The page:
Point (object) in polygon (PIP)

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Point (object) in polygon (PIP)

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One of the most basic of spatial operations is that of determining whether a given point lies inside a polygon. More generally the problem extends to the case of multiple points and polygons, with the problem being to assign every point to the correct polygon. Related problems include line in polygon and polygon in polygon tests. A fast initial screening approach is to check whether a point (or line, polygon) lies in the polygon’s MBR. However, the standard algorithm for determining PIP in the vector model (known as the semi-line algorithm) is to extend a line vertically upwards (or horizontally, e.g. to the right) and then count the number of times this line crosses the polygon boundary. If the line crosses the boundary an odd number of times it lies inside the polygon. This is true even when the polygon is concave or contains holes. A number of special cases need to be considered, as illustrated in Figure 4‑13, below. These include points that lie on the boundary or at a vertex, and points that lie directly below a vertical segment of the polygon boundary. A useful discussion of PIP algorithms and related procedures is provided in Worboys and Duckham (2004, pp 197-202).

If the given point lies on the boundary or at a vertex of the polygon there is a further difficulty, since a unique assignment rule could prevent the point from being allocated to any polygon. Solutions to such cases include: assigning the point to the first polygon tested and not to any subsequent polygons; randomly assigning the point to a unique polygon from the set whose boundary it lies on; reporting an exception (non-assignment); assigning a weight value to the point (e.g. 0.5 on a boundary or 1/n at a vertex, where n is the number of polygons meeting at that vertex).

Figure 4‑13 Point in polygon — tests and special cases

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Where the PIP process is one of overlaying, the procedure within a GIS will typically append attribute data from the polygon to the point, although this may be in accordance with user-selectable transfer rules (e.g. sum or average a particular field). ArcGIS includes two PIP-related topology rules: (i) point must be properly inside polygon; and (ii) point must be covered by boundary of polygon (i.e. must be exactly on the boundary). These are two of 16 main vector topology rules supported within ArcGIS for combinations of point, line and polygon features.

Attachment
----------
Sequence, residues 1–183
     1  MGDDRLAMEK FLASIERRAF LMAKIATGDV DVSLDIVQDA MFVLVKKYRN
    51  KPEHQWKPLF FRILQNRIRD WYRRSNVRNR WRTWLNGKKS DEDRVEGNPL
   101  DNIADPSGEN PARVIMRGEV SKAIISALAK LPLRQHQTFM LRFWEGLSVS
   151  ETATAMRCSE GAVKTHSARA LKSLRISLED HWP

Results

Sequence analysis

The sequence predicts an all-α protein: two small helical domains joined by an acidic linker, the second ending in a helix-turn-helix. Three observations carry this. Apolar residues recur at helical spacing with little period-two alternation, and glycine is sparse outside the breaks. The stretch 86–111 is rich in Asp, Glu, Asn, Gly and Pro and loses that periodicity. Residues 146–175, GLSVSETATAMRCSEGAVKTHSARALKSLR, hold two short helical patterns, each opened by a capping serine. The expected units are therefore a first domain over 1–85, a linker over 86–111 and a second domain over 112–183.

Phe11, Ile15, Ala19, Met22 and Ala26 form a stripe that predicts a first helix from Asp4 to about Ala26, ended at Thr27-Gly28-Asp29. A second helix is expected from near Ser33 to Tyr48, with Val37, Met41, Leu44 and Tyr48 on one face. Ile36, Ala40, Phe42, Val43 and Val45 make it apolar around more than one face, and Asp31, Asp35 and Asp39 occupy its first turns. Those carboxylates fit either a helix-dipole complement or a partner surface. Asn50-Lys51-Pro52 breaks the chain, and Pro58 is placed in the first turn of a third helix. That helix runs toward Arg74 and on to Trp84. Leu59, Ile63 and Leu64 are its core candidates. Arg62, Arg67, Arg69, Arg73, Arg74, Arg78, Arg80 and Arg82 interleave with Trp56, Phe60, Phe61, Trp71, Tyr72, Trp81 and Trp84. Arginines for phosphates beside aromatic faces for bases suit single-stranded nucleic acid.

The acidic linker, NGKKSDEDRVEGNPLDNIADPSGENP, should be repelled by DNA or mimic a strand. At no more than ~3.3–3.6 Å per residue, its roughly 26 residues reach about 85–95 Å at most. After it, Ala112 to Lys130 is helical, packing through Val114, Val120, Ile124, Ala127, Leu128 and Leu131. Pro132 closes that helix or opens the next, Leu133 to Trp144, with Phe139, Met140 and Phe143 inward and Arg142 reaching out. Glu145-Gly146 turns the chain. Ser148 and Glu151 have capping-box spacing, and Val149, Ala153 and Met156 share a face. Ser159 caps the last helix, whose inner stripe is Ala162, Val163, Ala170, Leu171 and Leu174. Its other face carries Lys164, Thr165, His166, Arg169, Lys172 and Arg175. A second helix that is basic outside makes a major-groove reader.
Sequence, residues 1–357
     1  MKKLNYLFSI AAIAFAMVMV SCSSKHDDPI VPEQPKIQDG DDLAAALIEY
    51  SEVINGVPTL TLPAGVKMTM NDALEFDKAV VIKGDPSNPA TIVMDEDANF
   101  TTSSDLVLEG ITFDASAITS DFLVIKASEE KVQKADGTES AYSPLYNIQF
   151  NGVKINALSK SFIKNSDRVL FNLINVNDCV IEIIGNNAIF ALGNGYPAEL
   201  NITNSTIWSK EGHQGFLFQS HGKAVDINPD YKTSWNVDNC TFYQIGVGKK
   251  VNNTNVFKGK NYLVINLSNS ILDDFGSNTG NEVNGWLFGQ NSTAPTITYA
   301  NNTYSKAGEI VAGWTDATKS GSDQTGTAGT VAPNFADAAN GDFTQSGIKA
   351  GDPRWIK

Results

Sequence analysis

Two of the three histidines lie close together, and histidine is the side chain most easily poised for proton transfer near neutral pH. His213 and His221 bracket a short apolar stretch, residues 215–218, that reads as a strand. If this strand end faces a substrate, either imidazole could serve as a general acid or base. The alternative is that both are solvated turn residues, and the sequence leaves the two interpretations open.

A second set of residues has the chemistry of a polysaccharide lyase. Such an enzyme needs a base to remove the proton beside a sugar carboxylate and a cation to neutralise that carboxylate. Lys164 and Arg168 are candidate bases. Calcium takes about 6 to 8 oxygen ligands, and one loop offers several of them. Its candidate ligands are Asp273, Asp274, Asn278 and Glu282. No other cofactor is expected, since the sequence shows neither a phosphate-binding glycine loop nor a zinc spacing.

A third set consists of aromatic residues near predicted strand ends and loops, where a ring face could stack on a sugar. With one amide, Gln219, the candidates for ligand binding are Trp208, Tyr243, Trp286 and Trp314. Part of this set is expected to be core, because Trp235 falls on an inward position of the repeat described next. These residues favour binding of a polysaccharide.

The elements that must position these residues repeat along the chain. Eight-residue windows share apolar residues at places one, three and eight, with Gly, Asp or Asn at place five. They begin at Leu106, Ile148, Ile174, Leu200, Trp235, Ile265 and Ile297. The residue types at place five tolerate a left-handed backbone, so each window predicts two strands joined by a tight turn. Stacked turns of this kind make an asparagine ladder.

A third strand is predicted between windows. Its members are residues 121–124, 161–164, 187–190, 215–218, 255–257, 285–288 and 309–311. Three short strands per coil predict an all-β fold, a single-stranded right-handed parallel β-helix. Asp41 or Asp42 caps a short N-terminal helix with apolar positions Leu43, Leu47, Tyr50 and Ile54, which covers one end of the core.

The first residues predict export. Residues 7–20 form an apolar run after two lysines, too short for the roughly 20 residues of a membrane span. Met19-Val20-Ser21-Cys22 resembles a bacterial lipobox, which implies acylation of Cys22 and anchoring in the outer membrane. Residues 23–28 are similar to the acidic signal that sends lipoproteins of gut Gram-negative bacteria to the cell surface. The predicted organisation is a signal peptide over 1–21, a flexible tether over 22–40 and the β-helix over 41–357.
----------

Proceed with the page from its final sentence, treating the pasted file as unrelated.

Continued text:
A second PIP algorithm of similar computational complexity, but requiring trigonometric operations in its standard form (so more processor intensive) is known as the winding number method. In this procedure a line is extended to each vertex of the polygon from the sample point in turn (traversing anticlockwise). If the sum of the angles from the point to the vertices, vi, is 0 the point lies outside the polygon, otherwise it lies inside or on the polygon. To clarify this procedure, let the polygon have n vertices vi=v1,v2,v3,… vn=v0 and consider a unit vector from a sample point, p, to each vertex in turn. Define the (signed) angle at p between the vectors vi and vi+1, as θi. Then compute the winding number:

or

If wn=0 the point lies outside the polygon, otherwise it lies inside or on the polygon boundary. With some adjustment the algorithm can avoid calculating the angle and result in a computation that is as fast, or faster than crossing methods (tests suggest 20-30% faster for many non-convex polygons). It is also more general, in that it applies to cases where polygons are not simple, i.e. self-crossing of the polygon boundary is permitted.

The above addresses the issue for the case of a single polygon and for multiple non-overlapping contiguous polygons. With overlapping polygons, which is supported for example within the Manifold GIS, then unique allocation is not assured. Furthermore, if the sample region is not completely covered by polygons sample points may fall into no polygon. Similar issues arise with raster representation of points and polygons (as zones of continuous fields) but the problem of locating points inside zones is far simpler, whilst the allocation issues remains.